“How did you get here?”, asks a friendly woman in a white blood-stained apron in Spanish, while feeding her granddaughter, as we are sipping a coffee in the comedor (the food area) in the heart of the bi-weekly market in the rural Guatemalan village of Totonicapán. “By chicken bus“, we answer, onto which the women looks surprised and slightly concerned realizing we came alone.
Indeed, we seem to be the only non-indigenous people walking the narrow and low alleyways created by markets stalls on several blocks around the main square.
Fruits like oranges, papayas, bananas, berries, and pineapples are offered in every street, and we discover many vegetables we have never seen before. Spices are displayed nicely, as are the many avocado’s which are cut open to show their quality.
Impressive pieces of beef hang from hooks in the butchers’ stalls paved with white ceramics in the market hall. Next to them, the very popular and cheaper chickens are definitely the best sellers, and can also be bought alive in the street.
Toys, socks, shoes, clothes, electronics, batteries and beauty products are showcased side by side. As we are close to New Year’s, countless amounts of stalls sell a wide variety of fireworks that children eagerly buy, when they are not trying to sell chewing gums, chocolates and colourful cotton candies, squeezing themselves through the crowds, screaming what they have for sale.
We pass by women proudly displaying the most colourful handmade fabrics that will be turned into beautiful traditional dresses, worn by every woman on the market, or practical pieces of equipment. A simple rectangular cloth creatively becomes a baby-strap, a handy bag by knotting its four corners, or a pillow by folding it. Indeed, most women cushion the heavy loads they graciously carry on their heads: baskets with poultry, big coolers, plastic containers filled with tortilla dough, the fruits and vegetables they have just bought, 5-gallon water jars…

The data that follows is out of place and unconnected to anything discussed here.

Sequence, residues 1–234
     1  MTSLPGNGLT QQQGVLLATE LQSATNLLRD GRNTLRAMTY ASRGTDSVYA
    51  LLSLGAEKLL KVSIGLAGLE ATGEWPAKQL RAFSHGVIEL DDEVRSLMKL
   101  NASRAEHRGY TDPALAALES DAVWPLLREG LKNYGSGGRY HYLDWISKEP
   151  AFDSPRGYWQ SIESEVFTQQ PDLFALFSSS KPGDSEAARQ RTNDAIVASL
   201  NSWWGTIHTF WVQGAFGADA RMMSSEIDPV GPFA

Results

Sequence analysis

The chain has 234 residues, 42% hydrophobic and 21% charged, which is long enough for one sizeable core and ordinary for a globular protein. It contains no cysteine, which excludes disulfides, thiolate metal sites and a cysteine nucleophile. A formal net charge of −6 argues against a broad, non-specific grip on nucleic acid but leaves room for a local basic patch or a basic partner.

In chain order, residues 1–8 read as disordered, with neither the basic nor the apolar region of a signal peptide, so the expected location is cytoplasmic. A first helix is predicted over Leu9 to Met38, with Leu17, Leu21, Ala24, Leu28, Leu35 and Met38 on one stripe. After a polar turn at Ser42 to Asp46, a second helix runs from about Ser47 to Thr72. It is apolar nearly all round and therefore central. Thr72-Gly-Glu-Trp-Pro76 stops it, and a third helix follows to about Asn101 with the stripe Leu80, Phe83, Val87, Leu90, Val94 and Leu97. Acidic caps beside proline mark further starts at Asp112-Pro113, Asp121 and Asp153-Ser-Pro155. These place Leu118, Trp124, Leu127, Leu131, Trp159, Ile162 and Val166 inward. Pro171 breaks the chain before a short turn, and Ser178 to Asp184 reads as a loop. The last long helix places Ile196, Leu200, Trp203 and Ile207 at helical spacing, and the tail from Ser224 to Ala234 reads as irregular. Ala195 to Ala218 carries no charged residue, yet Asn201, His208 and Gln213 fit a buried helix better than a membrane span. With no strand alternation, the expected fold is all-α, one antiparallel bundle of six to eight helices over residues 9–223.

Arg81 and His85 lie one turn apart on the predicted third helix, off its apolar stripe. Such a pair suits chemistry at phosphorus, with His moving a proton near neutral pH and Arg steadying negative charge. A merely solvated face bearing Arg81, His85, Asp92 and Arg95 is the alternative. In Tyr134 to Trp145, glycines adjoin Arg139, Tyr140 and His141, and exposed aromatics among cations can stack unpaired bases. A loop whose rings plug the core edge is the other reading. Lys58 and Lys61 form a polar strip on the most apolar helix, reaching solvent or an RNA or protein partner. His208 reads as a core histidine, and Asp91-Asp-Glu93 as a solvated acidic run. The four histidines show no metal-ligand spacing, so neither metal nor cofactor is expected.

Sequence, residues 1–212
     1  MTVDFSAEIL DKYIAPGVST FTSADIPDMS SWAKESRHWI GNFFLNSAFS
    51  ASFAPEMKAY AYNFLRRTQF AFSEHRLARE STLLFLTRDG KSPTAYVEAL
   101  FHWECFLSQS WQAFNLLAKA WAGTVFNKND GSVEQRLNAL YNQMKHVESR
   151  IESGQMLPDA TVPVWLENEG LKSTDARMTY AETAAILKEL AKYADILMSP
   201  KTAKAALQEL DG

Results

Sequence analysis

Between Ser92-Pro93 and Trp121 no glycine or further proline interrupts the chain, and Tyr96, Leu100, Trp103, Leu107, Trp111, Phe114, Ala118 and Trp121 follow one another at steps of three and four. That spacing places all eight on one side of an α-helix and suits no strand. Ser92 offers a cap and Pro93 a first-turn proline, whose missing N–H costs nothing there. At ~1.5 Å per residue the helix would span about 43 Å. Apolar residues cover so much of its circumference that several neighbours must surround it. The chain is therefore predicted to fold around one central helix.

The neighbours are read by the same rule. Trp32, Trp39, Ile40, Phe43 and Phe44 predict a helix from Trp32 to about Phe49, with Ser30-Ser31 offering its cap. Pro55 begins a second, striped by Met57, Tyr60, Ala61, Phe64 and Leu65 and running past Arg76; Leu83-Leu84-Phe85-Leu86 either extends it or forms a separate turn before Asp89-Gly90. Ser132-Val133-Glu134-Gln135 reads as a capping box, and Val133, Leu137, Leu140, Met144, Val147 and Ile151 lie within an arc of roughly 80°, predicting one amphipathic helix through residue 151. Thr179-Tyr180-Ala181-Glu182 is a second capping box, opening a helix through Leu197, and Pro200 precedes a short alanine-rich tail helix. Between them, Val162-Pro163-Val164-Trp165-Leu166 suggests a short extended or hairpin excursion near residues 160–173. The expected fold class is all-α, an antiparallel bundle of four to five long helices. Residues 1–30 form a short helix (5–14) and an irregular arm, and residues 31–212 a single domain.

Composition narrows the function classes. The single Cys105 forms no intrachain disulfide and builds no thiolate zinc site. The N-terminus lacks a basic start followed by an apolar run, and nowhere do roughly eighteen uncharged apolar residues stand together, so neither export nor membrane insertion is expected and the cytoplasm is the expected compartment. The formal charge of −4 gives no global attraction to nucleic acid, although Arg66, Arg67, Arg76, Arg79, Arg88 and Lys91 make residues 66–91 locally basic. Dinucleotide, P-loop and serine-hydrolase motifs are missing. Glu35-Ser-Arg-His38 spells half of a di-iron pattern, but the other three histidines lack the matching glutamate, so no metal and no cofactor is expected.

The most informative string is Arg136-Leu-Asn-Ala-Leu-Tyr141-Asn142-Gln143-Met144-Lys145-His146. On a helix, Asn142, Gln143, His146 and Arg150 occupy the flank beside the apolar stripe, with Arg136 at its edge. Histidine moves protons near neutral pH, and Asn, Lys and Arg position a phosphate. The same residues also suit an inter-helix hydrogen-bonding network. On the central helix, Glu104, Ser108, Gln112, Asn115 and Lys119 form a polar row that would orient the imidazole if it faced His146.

Momostenango is even more remote. Indigenous from far villages make the long trip to buy food to prepare the New Year’s dinner. Dozens of tables with landlines are set up all around the square and manned by children selling call time: not everyone can enjoy the luxury of a phone. A bit further, photographers eagerly wait for families to pause in front of far-away landscapes or famous buildings badly copied on big plastic screens to immortalize the moment.
A mixed scent of firewood, fried chicken, spices, grilled corn and fried plantains fills the air as we pass by women clapping their hands together to shape the tortillas they are making. It is the early afternoon and it is almost lunch time after countless negotiations and errands: the comedores will soon be full with hard-workers. Seated on a bench in Solola, we enjoy hearty vegetable-and-beef soup accompanied by tamales and blue tortillas, with delicious licuados (water or milk-based fruit smoothies) of bananas, papaya, sapote or other exotic fruits.
While the market of Chichicastenango is very famous and visited by herds of tourists, rural Guatemalan markets offer fireworks of loud music, bright colours and tempting smells launched by indigenous people in traditional clothes.
Getting off the beaten path by following the local crowds on busy market days has shown us the heart of Guatemala and its friendly people who would be proud to show you their products.
Claire & Marcella